Drummer speaks out as he stands for parliament
Rowntree, who is standing as a candidate for Labour in the Cities of London and Westminster in the forthcoming general election, questioned Cameron‘s motives for wanting to be photographed outside The Smiths’ spiritual home of Salford Lads Club in Manchester in 2008.
“He’s a Smiths tourist, “Rowntree told the Guardian. “Real Smiths fans dress a certain kind of way, and they have a certain kind of haircut, and they wear certain kinds of T-shirts. But what they probably don’t do is have their picture taken outside the Salford Lads Club.”
Elsewhere, Rowntree criticised former Prime Minister and Labour leader Tony Blair‘s dealings with UK bands during Britpop.
“What got my goat about Tony Blair inviting all the bands to Number 10 was that that was the standard way politicians had interacted with musicians for generations. Cool Britannia was nothing to do with us. We never said Britannia was cool,” he explained.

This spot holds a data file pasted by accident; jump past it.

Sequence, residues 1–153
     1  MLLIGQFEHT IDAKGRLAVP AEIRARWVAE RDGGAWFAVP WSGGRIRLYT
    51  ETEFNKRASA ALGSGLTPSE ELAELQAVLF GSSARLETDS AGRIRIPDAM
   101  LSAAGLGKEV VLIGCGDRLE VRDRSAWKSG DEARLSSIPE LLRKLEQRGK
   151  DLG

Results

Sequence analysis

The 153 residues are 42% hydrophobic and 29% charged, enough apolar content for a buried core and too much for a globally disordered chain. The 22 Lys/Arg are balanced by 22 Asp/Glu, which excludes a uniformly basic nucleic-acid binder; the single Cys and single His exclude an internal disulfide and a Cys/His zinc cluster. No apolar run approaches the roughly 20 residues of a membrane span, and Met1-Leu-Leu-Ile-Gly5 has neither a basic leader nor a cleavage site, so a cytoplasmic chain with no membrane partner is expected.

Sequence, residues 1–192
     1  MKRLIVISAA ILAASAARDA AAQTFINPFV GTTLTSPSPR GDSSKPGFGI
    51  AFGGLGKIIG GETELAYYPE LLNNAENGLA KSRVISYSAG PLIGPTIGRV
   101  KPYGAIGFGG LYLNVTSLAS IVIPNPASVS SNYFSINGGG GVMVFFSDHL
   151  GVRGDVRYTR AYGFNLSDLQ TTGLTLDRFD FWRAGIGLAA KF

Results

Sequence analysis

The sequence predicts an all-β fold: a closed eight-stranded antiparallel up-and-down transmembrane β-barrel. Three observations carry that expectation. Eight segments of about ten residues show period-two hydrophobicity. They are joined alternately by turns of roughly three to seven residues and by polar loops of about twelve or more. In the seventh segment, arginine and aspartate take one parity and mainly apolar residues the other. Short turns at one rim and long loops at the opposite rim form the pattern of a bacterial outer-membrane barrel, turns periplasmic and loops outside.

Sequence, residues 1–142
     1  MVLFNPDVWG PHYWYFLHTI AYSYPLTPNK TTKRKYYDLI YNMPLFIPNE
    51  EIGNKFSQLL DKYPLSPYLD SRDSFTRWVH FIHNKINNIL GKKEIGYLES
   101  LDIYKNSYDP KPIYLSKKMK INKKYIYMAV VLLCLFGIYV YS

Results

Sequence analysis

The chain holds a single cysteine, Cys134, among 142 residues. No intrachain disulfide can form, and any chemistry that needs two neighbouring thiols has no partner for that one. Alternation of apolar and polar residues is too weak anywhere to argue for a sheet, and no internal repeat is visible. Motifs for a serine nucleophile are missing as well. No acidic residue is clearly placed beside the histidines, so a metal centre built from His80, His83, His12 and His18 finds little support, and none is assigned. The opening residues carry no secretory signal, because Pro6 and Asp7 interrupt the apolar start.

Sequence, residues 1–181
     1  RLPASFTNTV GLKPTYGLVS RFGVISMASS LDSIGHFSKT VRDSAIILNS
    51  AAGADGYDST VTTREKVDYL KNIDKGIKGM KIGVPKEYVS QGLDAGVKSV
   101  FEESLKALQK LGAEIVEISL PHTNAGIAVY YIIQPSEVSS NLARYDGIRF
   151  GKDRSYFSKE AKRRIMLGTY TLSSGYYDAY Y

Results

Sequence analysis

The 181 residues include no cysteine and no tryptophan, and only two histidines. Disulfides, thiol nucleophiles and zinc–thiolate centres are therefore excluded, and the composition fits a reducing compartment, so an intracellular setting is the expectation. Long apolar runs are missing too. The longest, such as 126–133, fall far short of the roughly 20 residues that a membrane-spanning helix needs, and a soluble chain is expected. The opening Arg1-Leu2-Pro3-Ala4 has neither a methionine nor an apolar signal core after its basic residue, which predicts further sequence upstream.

He added: “It was like when Harold Wilson called The Beatles round. What happens at those things is not that the politicians say: ‘Well, what do you think we should be doing?’ Politicians say: ‘We’re going to be doing this. Will you support us?’ And nobody likes to feel taken for granted like that.”
Although admitting that he “almost certainly won’t win” a seat in the election on May 6, Rowntree said he is enjoying the campaign, which has seen him working at a “grassroots” level. “People write that Dave quit the band to concentrate on his political career, but I don’t have a political career,” he explained. “I’m an activist. I go round knocking on doors trying to find problems to solve.”